Jerusalem (Apr. 6)
Secretary of State Alexander Haig flew from Israel to Jordan this afternoon after a 24-hour stay in Jerusalem. He held intensive talks yesterday and today with both government and opposition Israeli leaders. One key session was with the top echelon of the Israeli defense establishment under Premier Menachem Begin who is also the Defense Minister.
Israeli sources said “practical conclusions” were “reached” at that meeting. This appeared to hint at Israeli expectations of increased American economic and military aid to “balance” Washington’s intended sale of advanced weaponry to Saudi Arabia.
During the talks with Haig the Israelis were particularly forceful in their opposition to the planned U.S. sale of AWACS–aerial intelligence systems–to the Saudis. According to some sources, Haig was less than totally committed to that sale. But there was no sense that he had dropped the idea completely.
One well placed American source said here that the Secretary of State intended to impress upon the Saudi rulers, whom he will see in Riyadh tomorrow, the need for Saudi political flexibility on the Arab-Israeli conflict. The basic idea that Haig is selling on this brief Mideast swing that includes Egypt, Israel, Jordan and Saudi Arabia, is a “strategic consensus” between America’s friends in the region as a bulwark against Soviet expansionism. Repeatedly he warned against Soviet intentions, stressing that the Russians were out to extend their influence directly and through their “surrogates.” In the latter category he appeared to include the Palestine Liberation Organization and Syria. He even suggested the possibility that current Syrian aggressiveness towards the Christians in Lebanon was Soviet-inspired to deflect attention from the Polish crisis.
TWO-FOLD MESSAGE TO ISRAEL
To Israel, Haig’s message was two-fold: On the one hand he sought to convince his Israeli hosts of the need to focus on the global and regional Soviet threat. And at the same time he sought to assure the Israelis that the Reagan Administration saw in them a strategic asset and would act to ensure Israel’s continued strength and “qualitative edge”–in Haig’s own words–over the Arab potential enemies of the Jewish State.
The overall feeling among Israeli observers was that Haig was perhaps hoping that Israel and the pro-Western Arab states will “lower the profile” of the Arab-Israel conflict so that they can work together with the U.S. in forming a united front against Soviet or Soviet-backed expansionism.
Haig forcefully condemned the “brutal” Syrian shelling of Christian areas in north Lebanon and stressed American efforts to bring about a ceasefire. He disclosed that UN Secretary General Kurt Waldheim sent a special emissary to Syrian President Hafez Assad to try and end the fighting between the Syrians and the Christians. Last night Haig met in his hotel suite for more than an hour with Jerusalem Mayor Teddy Kollek. The two men had planned to meet in Washington two weeks ago but Kollek had had to cancel.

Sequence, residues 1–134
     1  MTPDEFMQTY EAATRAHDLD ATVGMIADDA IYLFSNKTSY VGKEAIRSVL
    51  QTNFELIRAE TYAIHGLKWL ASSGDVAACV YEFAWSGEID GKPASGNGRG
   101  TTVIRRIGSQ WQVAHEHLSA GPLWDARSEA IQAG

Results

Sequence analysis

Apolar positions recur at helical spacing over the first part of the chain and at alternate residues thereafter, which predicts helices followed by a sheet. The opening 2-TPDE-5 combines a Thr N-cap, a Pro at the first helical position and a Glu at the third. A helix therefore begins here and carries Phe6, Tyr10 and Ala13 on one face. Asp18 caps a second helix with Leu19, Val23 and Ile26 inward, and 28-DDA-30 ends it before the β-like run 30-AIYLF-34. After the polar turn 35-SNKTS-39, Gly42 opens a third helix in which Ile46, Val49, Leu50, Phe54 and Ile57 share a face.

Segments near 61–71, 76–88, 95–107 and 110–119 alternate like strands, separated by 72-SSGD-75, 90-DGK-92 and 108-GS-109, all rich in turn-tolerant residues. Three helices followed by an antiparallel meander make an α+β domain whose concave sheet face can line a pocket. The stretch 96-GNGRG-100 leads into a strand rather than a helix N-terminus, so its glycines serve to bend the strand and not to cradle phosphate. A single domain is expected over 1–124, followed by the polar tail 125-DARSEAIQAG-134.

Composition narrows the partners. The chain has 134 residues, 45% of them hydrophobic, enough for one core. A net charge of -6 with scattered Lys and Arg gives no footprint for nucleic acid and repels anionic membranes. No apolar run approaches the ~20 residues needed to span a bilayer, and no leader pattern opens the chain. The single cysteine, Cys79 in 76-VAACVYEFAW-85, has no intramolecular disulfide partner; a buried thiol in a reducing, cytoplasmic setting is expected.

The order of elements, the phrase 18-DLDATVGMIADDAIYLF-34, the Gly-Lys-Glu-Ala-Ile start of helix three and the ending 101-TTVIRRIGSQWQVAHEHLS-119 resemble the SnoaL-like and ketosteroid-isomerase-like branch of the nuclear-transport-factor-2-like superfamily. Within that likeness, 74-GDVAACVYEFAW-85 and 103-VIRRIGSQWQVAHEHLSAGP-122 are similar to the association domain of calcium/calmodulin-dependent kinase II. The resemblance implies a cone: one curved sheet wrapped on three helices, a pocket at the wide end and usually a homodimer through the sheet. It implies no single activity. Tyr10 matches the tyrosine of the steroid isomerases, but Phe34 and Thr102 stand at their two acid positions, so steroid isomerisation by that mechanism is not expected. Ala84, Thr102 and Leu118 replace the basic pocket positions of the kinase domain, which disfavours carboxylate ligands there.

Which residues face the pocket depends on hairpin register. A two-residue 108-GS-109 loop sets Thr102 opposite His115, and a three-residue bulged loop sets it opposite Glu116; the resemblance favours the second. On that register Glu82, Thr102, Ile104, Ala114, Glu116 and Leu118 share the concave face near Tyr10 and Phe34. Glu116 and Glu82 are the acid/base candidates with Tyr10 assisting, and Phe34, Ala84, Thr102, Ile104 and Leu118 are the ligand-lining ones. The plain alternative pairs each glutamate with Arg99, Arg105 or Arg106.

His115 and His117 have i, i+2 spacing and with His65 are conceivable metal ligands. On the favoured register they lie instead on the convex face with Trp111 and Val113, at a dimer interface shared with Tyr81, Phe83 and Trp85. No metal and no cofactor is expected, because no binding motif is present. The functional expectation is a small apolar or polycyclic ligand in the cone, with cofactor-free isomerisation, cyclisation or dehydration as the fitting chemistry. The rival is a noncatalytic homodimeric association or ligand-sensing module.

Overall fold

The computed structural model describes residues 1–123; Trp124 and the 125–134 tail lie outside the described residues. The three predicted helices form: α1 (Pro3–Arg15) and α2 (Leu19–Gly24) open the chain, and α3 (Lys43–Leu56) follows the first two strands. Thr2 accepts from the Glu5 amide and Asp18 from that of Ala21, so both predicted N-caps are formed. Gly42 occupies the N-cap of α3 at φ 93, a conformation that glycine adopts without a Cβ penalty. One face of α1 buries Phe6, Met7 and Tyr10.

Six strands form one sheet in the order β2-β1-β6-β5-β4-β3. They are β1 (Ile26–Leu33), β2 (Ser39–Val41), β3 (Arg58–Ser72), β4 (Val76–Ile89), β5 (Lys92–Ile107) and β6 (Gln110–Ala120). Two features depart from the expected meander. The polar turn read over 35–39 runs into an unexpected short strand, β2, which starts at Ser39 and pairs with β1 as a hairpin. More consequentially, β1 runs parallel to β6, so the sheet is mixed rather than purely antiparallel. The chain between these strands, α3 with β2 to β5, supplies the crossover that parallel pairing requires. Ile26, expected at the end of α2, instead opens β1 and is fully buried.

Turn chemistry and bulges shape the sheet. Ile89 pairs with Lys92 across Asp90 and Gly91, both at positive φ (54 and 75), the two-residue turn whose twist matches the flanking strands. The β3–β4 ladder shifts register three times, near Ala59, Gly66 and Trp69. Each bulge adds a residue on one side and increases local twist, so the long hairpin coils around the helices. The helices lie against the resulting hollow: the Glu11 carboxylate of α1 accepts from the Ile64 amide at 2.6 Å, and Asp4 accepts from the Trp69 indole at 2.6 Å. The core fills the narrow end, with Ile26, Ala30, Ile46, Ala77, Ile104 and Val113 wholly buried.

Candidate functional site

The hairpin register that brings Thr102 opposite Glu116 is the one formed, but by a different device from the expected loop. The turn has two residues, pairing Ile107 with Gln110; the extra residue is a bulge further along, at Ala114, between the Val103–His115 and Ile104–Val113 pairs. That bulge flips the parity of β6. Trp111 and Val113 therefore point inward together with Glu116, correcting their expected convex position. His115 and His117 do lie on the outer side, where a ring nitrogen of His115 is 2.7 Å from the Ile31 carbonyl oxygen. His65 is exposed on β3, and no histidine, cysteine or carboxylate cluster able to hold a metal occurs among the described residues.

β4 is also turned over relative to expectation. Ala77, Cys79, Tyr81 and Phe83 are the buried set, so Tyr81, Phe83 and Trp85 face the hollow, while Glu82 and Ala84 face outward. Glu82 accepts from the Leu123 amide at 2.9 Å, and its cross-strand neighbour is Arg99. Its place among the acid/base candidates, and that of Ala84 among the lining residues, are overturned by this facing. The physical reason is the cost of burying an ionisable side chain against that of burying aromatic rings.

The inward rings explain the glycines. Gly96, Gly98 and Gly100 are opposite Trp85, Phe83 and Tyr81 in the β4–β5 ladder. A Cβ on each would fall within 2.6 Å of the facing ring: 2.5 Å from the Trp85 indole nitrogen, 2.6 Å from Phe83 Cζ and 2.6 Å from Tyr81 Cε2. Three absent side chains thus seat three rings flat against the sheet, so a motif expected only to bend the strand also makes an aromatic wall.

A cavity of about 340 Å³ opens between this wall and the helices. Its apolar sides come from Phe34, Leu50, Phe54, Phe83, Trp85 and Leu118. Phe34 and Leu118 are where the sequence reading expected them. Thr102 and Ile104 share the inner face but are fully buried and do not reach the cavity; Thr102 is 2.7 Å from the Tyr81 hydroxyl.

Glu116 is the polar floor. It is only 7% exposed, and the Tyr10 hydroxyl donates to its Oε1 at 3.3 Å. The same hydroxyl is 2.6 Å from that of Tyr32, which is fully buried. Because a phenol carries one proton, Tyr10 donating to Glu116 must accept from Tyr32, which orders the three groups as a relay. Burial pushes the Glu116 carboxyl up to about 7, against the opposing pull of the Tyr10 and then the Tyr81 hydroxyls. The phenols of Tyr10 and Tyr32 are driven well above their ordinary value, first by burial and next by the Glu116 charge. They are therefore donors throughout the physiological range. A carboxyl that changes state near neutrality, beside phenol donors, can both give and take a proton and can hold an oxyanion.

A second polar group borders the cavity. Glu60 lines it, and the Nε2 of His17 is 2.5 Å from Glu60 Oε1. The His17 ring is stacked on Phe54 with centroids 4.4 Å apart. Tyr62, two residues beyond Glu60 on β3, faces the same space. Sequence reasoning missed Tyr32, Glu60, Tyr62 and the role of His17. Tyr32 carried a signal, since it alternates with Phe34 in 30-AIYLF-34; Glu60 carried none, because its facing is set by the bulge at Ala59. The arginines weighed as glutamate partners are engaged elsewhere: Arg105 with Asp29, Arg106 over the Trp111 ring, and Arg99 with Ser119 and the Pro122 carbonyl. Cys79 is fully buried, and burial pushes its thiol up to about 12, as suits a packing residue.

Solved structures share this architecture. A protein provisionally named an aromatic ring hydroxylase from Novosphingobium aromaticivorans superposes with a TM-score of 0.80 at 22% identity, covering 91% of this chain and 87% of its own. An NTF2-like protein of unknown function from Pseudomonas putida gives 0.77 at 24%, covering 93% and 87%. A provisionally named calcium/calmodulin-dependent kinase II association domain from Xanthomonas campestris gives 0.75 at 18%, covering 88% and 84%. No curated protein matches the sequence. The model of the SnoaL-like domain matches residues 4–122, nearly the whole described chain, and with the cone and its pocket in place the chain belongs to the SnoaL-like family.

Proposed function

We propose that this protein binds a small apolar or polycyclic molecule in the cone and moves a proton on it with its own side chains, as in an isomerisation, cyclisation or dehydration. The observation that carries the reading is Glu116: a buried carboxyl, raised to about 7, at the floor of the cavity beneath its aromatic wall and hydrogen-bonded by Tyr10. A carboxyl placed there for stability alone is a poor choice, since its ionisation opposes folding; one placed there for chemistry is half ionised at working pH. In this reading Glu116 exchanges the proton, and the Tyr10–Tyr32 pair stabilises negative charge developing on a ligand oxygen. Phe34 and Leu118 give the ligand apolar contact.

The Mayor said he reviewed the situation in the city and discussed his own long-held ideas for a “borough” system of municipal rule that would give Arab residents a much greater say in the day-to-day management of Jerusalem.
Early this morning Haig breakfasted with Labor Party leaders Shimon Peres and Abba Eban. Peres said later that they had agreed on the exclusion of the PLO from peace negotiations and on the exclusion of a separate Palestinian state as a solution to the West Bank-Gaza issue. Peres indicated that the focus of the conversation had been on the Labor Party’s hopes to involve Jordan in the peace process.
Apart from his crowded diplomatic schedule, Haig found time to visit the Yad Vashem Holocaust Memorial and to pay a courtesy call on President Yitzhak Navon.
MEETING WITH SADAT TERMED FRUITFUL
Before arriving here yesterday, Haig met with Egyptian President Anwar Sadat in Cairo on Saturday. The American diplomat reportedly won Sadat’s agreement for the presence of U.S. troops in the multi-national force and the Egyptian leader also was reported to be more flexible in allowing American units to utilize Egyptian military facilities to deal with crises in the Middle East. Haig described his talks with Sadat as “extremely fruitful.”
He apparently convinced Sadat that American participation would be only in the peacekeeping group and would be equipped with no more than light infantry weapons. While the Egyptians have been amenable to American use of their facilities, they are opposed to American bases on Egyptian soil, including the two Israeli-built airfields in Sinai at Eitam and Etzion.